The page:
41126-piy-ch02-01.pdf_18891 - CHAPTER 2 Strategy and...

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sustainable competitive advantage Financial performance that consistently outperforms industry averages. CHAPTER 2 Strategy and Technology 1. INTRODUCTION Managers are confused, and for good reason. Management theorists, consultants, and practitioners of- ten vehemently disagree on how firms should craft tech-enabled strategy, and many widely read articles contradict one another. Headlines such as “Move First or Die” compete with “The First Mover Disad- vantage.” A leading former CEO advises “destroy your business,” while others suggest firms focus on their “core competency” and “return to basics.” The pages of the Harvard Business Review declared “IT Doesn’t Matter”, while a New York Times’ bestseller hails technology as the “steroids” of modern business. Theorists claiming to have mastered the secrets of strategic management are contentious and con- fusing. But as a manager, the ability to size up a firm’s strategic position and understand its likelihood of sustainability is one of the most valuable, yet difficult skills to master. Layer on thinking about tech- nology—a key enabler to nearly every modern business strategy, but also a function often thought of as easily ‘outsourced’—and it’s no wonder that so many firms struggle at the intersection where strategy and technology meet. The business landscape is littered with the corpses of firms killed by managers who guessed wrong. Developing strong strategic thinking skills is a career-long pursuit—a subject that can occupy tomes of text, a roster of courses, and a lifetime of seminars. While this chapter can’t address the breadth of strategic thought, it is meant as a primer on developing the skills for strategic thinking about technology. A manager that understands issues presented in this chapter should: be able to more clearly see through seemingly conflicting assertions about best practices, be better prepared to recog- nize opportunities and risks, and be more adept at successfully brainstorming new, tech-centric ap- proaches to markets. 2. THE DANGER OF RELYING ON TECHNOLOGY LEARNING OBJECTIVES After studying this section you should be able to: 1. Define operational effectiveness and understanding the limitations of technology-based com- petition leveraging this principle. 2. Define strategic positioning and the importance of grounding competitive advantage in this concept. 3. Understand the resource-based view of competitive advantage. 4. List the four characteristics of a resource that might possibly yield sustainable competitive advantage. Firms strive for sustainable competitive advantage , financial performance that consistently outper- forms their industry peers. The goal is easy to state, but hard to achieve. The world is so dynamic, with new products and new competitors rising seemingly overnight, that truly sustainable advantage might seem like an impossibility. New competitors and copycat products create a race to cut costs, cut prices, and increase features that may benefit consumers but erode profits industry-wide. Nowhere is this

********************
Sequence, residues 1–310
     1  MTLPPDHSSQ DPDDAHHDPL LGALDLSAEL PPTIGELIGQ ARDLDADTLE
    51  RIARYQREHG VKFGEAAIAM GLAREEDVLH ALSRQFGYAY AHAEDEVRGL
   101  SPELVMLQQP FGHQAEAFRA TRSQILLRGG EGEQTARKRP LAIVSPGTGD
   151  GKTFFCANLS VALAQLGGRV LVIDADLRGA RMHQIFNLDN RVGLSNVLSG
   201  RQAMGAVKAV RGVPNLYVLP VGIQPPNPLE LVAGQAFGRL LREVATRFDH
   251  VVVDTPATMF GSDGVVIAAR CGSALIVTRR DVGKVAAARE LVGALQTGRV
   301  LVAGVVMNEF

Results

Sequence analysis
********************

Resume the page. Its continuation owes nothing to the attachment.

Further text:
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41126-piy-ch02-01.pdf_18891 - CHAPTER 2 Strategy and...

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